Monday’s White House press briefing provided a list of noteworthy moments as Press Secretary Jen Psaki was joined by DHS Secretary Alejandro Mayorkas, including a number of questions on scandal-plagued Governor Andrew Cuomo (D-NY). While Psaki continued to largely deflect, she had help as an Associated Press reporter wondered if Cuomo should resign to avoid unwanted “distractions” on COVID.
White House Correspondents Association head and AP correspondent Zeke Miller led off Psaki’s portion with one question wondering if the Biden administration had been in contact with Cuomo or his staff following the latest sexual harassment claims and if, more broadly, the negative headlines were distracting from fighting the coronavirus pandemic.
“And then is the President concerned that this could serve from Governor Cuomo’s handling of the pandemic and should he potentially step aside while this investigation, so that there are no distractions handling the pandemic,” he wondered.
Psaki reemphazied the ironic premise that Biden’s “view has been consistent and clear, that every woman coming forward should be treated with dignity and respect” and thus they’ll “wait to see…through” the investigation by New York AG Letitia James (D).
A few minutes later, The Washington Post’s Ashley Parker was much tougher, pressing Psaki on what would Biden consider to be a “red line” when it comes to the harassment and mistreatment of women (and specifically between a boss and subordinate) (click “expand”):
PARKER: My question for you, in general, when it comes to sexual misconduct, where is the red line for this president and the administration? Is it only at unwanted physical overtures or is it at unwelcomed language between a boss and subordinate with a power differential?
PSAKI: Well, Ashley, as I — as O said yesterday, that story was incredibly uncomfortable to read as a am would. And we certainly believe every woman coming forward, Charlotte, Lindsey, have – should be treated with respect and dignity and be able to tell their story and treated with respect. There is a process of reviewing, as you noted, an independent investigation. We will leave it to that process through the attorney general to make a determination on the path forward.
PARKER: But just in general, not about this specific case, but can you explain — I mean, your White House discussed the resignation of someone who used simply language that was inappropriate and abusive. Is there a red line when it comes just to language or is President Biden’s red line — does it have to be something else?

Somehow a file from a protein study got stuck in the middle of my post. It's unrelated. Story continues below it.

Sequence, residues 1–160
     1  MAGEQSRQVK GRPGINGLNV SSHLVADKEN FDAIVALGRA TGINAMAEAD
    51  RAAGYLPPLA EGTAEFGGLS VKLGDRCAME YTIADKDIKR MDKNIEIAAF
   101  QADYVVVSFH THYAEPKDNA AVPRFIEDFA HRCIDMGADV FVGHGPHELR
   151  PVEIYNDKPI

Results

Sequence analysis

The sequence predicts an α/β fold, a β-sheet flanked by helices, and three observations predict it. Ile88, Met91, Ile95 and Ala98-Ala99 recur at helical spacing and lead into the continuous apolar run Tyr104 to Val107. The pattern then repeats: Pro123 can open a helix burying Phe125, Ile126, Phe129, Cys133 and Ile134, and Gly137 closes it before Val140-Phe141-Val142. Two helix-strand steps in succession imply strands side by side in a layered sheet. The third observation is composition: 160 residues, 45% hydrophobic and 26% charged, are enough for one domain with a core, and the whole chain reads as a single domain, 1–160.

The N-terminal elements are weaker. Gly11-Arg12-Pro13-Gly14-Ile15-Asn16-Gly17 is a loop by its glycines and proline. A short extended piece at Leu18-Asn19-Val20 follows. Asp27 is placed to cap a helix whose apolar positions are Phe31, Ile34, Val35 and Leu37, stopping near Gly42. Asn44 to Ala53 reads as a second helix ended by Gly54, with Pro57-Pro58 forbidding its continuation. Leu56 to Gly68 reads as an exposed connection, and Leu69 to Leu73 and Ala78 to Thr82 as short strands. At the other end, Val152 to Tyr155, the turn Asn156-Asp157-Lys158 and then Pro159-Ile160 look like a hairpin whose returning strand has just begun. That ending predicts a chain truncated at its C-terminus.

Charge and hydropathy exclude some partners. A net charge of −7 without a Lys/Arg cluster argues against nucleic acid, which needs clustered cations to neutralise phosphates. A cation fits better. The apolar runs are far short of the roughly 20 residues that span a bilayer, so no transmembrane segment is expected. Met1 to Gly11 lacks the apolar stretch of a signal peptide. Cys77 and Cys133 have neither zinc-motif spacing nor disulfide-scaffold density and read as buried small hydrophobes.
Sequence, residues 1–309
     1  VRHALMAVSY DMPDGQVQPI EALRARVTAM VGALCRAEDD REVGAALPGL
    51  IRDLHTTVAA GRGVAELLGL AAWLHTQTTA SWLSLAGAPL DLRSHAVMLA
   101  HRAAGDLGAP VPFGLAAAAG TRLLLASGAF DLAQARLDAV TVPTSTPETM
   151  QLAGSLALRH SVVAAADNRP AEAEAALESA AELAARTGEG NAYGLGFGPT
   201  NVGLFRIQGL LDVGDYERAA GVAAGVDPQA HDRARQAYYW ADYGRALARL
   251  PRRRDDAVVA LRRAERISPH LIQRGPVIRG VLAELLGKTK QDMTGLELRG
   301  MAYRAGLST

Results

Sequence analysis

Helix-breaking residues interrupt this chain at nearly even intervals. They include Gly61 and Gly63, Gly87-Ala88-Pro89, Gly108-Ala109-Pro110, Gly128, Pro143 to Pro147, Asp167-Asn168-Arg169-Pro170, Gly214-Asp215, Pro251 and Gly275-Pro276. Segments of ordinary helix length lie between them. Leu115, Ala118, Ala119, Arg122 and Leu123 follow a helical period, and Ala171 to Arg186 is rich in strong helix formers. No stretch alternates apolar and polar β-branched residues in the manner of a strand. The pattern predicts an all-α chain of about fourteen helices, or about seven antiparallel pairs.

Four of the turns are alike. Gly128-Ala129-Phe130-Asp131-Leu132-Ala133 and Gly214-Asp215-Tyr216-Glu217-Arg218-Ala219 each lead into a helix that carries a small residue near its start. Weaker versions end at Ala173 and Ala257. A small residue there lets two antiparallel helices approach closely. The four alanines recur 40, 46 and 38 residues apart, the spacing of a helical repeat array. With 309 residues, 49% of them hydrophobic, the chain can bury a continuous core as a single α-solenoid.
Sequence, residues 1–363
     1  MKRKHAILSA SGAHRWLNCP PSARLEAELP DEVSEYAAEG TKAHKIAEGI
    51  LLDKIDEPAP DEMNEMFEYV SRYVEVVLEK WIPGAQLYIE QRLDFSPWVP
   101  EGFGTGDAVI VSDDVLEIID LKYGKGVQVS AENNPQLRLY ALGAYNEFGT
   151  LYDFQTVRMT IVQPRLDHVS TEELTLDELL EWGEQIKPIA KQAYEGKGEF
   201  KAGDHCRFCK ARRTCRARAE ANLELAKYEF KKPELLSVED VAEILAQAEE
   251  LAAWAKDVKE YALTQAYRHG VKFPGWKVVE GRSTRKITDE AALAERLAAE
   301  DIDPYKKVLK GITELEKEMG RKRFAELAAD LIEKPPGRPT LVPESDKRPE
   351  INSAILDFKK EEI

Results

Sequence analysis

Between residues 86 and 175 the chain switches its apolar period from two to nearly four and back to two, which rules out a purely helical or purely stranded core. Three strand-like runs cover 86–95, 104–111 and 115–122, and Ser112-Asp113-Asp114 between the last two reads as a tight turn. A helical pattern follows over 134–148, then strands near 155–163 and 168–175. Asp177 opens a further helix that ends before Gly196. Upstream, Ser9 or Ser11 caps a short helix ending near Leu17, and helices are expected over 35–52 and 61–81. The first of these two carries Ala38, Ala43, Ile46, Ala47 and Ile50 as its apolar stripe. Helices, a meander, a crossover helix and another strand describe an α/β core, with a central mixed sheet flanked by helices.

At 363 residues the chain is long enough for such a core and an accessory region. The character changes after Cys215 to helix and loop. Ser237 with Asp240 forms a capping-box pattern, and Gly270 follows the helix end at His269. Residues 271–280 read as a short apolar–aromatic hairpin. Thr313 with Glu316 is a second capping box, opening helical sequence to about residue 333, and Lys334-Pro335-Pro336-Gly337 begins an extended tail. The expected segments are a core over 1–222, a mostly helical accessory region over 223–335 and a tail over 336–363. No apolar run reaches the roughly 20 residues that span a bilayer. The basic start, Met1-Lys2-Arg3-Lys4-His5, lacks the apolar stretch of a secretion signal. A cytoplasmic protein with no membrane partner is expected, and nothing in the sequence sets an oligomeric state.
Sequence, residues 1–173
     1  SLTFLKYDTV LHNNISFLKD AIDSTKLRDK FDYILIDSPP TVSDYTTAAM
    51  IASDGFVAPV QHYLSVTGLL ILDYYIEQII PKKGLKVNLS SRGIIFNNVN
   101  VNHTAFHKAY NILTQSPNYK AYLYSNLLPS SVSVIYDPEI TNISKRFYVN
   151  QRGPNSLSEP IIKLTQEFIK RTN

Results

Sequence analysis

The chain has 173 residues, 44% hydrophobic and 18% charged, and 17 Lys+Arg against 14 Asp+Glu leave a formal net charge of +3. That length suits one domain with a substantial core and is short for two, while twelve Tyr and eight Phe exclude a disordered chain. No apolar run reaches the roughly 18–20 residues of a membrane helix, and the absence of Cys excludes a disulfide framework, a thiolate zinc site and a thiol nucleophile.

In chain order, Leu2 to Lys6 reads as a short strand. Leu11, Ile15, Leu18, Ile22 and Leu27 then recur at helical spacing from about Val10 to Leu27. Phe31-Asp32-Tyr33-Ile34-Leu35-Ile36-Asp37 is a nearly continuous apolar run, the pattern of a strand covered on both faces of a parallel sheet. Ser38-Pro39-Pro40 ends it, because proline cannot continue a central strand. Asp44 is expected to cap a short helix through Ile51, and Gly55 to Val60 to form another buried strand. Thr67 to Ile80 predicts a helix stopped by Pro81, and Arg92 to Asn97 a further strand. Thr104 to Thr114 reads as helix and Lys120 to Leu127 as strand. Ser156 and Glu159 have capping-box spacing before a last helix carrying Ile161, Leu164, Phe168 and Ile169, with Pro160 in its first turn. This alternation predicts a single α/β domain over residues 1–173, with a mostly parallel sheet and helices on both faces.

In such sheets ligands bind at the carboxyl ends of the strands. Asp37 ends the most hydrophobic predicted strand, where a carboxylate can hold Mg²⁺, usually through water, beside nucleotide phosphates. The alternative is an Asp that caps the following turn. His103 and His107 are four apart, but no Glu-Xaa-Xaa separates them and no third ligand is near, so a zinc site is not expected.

PSAKI: I’m not sure a red line for whom? I am not sure what you mean. For what outcome?
PARKER: For — if the review shows that governor Cuomo asked her questions. That it’s not — you know, as also has been alleged in other instances of forcible kiss or an unwelcomed physical overture, but just mere questions about someone’s personal life or sex life or romantic life or anything that makes someone feel uncomfortable, especially in a subordinate relationship with someone in power, is that someone that has to resign or should there be other consequences? That’s what I mean by the red line.
PSAKI: Look, the — the language — the — you know, the President has a bar for what is expected in his administration, which you referenced. Treating people with civility, treating people with respect and that’s what bar he holds in his administration. In terms of the path forward and the outcome of the investigation, we will leave it to the attorney general and others to conclude that.
Also on the topic of transparency, Real Clear Politics’ Philip Wegmann inquired about the White House release of virtual visitor logs (seeing as how they’re not taking as many in-person visitors due to the pandemic) as an act of “important” “transparency” that’d “be really easy to do,” but Psaki replied with snark.
She replied: “He’s meeting with members of the senate virtually today. There. I’ve released it for you. What else would you like to know?”